Chapter

 Virtues and the Scientific Revolution

Rose‐Mary Sargent

in Scientific Values and Civic Virtues

Published in print July 2005 | ISBN: 9780195172256
Published online July 2005 | e-ISBN: 9780199835546 | DOI: http://dx.doi.org/10.1093/0195172256.003.0006
  Virtues and the Scientific Revolution

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Experimental philosophers of 17th-century England recognized a complex relationship between scientific values and civic virtues. Francis Bacon, motivated by his desire to promote the common good by producing useful knowledge, noted that the advancement of learning required a cooperative research effort guided by civility, charity, toleration, and intellectual modesty. This essay examines how the founders of the Royal Society of London, including Robert Boyle, put his advice into action by their efforts to establish an expanded and inclusive society of investigators that would strengthen the habits of discourse in a civil society, while furthering the economic, political, and social benefits of scientific inquiry.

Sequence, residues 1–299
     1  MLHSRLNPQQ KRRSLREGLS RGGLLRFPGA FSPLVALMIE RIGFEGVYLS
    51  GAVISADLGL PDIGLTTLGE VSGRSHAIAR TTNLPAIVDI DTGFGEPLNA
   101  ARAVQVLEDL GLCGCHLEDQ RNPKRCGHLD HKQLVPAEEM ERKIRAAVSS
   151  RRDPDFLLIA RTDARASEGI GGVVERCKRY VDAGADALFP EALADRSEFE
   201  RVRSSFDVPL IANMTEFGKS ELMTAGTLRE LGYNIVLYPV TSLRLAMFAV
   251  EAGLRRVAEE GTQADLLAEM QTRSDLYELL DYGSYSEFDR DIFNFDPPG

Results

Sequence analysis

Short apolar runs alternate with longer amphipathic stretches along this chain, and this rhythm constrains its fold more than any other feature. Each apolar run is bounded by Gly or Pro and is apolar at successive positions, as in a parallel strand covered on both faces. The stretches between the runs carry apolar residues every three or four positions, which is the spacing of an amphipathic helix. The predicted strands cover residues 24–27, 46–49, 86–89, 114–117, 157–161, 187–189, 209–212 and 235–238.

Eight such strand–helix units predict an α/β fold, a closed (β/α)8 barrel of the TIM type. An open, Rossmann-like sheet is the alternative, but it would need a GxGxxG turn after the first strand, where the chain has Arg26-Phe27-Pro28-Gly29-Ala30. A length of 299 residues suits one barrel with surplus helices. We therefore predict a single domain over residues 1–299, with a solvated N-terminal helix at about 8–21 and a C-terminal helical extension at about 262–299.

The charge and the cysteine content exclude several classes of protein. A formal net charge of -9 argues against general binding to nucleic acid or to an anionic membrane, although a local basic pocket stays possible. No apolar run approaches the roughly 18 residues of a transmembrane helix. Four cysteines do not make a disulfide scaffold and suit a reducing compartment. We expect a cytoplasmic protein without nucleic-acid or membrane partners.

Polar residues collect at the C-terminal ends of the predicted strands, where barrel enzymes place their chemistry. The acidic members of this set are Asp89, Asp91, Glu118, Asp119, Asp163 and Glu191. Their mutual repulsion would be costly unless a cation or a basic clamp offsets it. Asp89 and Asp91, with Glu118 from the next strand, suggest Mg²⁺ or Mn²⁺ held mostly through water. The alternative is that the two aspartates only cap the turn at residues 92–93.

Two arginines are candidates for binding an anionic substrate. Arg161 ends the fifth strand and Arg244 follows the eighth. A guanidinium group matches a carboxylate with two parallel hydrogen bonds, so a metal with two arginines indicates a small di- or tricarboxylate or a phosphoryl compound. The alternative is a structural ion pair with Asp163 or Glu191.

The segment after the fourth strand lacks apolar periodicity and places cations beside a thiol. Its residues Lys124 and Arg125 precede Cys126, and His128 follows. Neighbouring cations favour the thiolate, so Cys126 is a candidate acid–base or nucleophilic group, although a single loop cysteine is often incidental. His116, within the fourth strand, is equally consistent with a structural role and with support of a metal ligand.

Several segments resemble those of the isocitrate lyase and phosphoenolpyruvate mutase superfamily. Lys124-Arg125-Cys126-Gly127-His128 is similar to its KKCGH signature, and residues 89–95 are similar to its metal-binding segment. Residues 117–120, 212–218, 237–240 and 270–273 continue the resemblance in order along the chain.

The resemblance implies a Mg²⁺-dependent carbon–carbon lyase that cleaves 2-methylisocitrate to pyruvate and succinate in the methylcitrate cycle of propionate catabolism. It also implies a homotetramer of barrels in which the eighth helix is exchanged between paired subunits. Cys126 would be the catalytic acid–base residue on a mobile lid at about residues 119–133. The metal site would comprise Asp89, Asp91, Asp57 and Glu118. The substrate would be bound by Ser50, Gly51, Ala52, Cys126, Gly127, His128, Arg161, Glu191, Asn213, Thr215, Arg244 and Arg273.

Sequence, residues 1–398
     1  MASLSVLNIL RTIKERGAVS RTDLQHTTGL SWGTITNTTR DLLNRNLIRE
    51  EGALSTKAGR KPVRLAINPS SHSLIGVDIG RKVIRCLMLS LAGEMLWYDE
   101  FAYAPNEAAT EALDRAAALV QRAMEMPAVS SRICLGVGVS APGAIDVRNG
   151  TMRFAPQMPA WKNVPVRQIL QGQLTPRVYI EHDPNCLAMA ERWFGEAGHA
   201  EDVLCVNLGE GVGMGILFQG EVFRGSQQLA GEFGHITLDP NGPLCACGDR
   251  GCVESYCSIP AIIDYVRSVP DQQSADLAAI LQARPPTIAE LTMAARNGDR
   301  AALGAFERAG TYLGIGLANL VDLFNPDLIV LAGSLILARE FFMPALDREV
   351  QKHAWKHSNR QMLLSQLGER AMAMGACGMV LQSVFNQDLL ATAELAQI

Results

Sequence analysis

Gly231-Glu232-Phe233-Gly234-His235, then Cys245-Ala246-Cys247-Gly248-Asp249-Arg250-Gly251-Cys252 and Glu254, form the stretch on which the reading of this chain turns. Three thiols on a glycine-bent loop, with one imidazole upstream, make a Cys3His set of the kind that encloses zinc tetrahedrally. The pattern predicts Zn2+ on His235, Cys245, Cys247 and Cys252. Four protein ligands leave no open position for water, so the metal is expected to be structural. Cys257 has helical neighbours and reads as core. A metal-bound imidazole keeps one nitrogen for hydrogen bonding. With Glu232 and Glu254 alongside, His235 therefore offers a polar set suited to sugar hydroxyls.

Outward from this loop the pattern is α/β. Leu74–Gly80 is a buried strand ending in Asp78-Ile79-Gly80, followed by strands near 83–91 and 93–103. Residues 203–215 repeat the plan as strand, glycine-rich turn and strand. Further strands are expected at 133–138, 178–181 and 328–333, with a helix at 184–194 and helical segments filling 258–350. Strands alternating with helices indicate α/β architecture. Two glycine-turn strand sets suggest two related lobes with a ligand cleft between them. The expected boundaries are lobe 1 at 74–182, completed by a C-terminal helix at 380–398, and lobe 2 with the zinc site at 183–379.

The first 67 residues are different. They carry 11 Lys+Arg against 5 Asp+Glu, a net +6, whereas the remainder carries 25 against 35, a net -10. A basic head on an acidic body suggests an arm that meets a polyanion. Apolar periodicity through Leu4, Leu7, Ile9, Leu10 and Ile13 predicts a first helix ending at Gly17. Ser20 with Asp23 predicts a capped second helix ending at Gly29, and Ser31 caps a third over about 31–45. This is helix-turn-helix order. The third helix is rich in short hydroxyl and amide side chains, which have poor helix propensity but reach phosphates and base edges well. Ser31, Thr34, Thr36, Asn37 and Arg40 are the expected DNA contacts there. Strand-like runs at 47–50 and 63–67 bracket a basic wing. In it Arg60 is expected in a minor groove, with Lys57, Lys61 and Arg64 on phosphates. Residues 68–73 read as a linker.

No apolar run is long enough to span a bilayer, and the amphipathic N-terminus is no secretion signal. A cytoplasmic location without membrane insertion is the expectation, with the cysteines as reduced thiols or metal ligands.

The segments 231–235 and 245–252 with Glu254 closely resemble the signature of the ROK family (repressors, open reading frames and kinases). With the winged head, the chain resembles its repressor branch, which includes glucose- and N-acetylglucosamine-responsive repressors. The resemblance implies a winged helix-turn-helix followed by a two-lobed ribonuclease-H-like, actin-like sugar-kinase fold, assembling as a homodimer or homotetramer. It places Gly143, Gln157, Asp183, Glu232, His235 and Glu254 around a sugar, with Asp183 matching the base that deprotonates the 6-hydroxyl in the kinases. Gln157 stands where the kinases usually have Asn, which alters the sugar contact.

Keywords: Francis Bacon; Robert Boyle; Royal Society; experimental philosophy; useful knowledge; cooperative research; common good; civility

Chapter.  4905 words. 

Subjects: Philosophy of Science

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